Can internal transformation of Zanu PF solve Zim woes?

HARARE - What transpired in Zimbabwe in the past two or so months perhaps signals a deliberate move by the powers-that-be in Zanu PF to change the way the party has been functioning in its over 50-year history.

Last Sunday marked the end of an eventful year on the Zimbabwean political landscape as the sun eclipsed on one of the world’s longest reigns in modern times.

Late in November, cornered president Robert Mugabe resigned from the presidency after staying as Zimbabwe’s top civil servant for close to four decades.

No one ever expected that Mugabe’s fall would be so illustrious as the 93-year-old former Zanu PF boss had ridden roughshod on an impoverished population that had been yearning for change from time immemorial.

Mugabe’s undoing lay nowhere further than the confines of his own plush bedroom.

Former war veterans leader Jabulani Sibanda was booted out of the ruling party for intimating that the country was succumbing to a bedroom coup and was even dragged to court for that reason.

At the time, nobody seemed to comprehend the trajectory Zimbabwean politics had taken — what with the acerbic tongue of Grace Mugabe, who had come to be known as “Gucci” or “Hurricane” Grace.

For many, the direction Zimbabwe was heading towards had become ominous as Mugabe gave in to his wife’s demands, leaving many to wonder whether the nonagenarian leader had lost his marbles or not.

Grace had become the ultimate power in Zimbabwean politics and proximity to her was enough to guarantee safety.

For the lay Zimbabwean — who had endured endless periods of waiting to withdraw their hard-earned cash from the banks and an economy that was on a perennial free-fall amidst a corrupt ruling elite — change was long overdue to some extent and at any cost.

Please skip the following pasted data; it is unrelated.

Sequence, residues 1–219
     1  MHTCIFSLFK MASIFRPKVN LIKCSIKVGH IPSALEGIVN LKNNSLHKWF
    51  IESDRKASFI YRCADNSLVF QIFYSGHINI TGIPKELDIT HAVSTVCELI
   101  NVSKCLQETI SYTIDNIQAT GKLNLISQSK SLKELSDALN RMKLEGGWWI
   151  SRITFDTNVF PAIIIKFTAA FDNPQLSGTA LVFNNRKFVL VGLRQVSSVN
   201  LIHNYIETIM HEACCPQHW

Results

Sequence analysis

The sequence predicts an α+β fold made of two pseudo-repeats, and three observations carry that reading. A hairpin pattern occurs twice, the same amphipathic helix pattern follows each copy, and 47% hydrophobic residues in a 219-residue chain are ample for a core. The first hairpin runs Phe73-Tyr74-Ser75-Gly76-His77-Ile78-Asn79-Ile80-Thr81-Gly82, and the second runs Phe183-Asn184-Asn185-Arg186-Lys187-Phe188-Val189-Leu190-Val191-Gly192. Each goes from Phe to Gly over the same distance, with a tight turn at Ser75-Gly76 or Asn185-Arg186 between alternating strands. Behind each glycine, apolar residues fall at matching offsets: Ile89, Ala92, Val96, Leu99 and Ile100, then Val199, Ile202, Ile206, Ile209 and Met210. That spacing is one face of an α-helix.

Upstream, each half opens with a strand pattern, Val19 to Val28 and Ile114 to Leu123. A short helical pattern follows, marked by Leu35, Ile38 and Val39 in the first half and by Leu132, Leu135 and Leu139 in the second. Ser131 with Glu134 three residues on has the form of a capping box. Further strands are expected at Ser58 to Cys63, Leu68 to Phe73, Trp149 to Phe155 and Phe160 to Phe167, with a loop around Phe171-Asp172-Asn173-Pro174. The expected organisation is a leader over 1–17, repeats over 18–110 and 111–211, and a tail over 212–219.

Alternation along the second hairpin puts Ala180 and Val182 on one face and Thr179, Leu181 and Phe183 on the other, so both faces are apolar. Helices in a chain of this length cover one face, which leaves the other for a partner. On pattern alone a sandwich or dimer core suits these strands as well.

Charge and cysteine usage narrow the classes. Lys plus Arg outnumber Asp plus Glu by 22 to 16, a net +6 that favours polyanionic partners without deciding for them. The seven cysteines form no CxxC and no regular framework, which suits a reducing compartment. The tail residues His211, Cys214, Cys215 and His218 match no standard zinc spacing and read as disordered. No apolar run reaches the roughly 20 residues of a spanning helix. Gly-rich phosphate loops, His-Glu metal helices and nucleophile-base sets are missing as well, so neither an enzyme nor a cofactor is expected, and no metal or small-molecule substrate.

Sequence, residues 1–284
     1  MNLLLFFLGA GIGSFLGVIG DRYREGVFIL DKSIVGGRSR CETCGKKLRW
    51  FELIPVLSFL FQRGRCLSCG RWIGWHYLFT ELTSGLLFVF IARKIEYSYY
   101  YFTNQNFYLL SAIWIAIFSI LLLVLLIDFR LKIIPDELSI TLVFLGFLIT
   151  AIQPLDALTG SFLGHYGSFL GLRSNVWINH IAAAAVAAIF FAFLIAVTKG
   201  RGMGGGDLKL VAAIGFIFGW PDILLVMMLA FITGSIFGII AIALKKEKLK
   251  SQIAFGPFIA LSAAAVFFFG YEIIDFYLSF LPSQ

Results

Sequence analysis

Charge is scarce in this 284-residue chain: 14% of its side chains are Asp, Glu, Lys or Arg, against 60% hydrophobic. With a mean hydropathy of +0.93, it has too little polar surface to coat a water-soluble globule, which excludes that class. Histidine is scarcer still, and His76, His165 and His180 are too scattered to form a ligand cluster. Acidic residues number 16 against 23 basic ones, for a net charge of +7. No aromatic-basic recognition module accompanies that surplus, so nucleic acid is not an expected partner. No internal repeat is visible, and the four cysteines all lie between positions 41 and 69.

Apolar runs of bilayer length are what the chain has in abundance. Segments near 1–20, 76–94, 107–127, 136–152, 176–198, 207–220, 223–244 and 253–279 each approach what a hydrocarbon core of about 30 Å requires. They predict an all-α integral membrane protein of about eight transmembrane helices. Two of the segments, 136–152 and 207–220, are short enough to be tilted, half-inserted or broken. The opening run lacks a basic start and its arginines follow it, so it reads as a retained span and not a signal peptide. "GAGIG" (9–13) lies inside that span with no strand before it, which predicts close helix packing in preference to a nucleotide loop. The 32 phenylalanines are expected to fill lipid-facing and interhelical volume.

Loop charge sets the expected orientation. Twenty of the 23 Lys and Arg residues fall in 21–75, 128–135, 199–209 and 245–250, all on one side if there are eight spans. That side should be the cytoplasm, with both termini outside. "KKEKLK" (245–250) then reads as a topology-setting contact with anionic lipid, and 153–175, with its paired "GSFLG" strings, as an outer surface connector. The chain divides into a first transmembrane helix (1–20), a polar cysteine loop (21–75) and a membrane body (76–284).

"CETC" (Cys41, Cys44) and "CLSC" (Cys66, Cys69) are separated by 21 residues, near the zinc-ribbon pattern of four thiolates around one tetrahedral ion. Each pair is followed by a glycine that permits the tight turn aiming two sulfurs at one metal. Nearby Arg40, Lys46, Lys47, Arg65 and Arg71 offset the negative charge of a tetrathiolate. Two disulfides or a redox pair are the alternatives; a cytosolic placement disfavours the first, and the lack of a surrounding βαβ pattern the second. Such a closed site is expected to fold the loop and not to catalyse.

One of Mugabe’s greatest errors was to place power in the hands of some whom he wanted to dump later when he felt their usefulness had since whittled down.

It is no secret that for the former Zanu PF leaders; survival was achieved through the hands of a willing security service sector, especially the army.

It is the same army and war veterans that Mugabe’s wife infuriated.

At some point, Mugabe and his wife must have thought they were invincible.

Zimbabweans belonged to them and nobody could even dare talk ill about them no matter how badly they had performed in their disastrous reign.

The big question remains, however, whether the changes or lack of them will alter the lives of long-suffering Zimbabweans and for the better.

The hope in the majority of Zimbabweans is that the internal transformation Zanu PF has undergone will produce positive results for the country — results that will be discernible in all sectors of the economy that will trickle down to all corners of the country.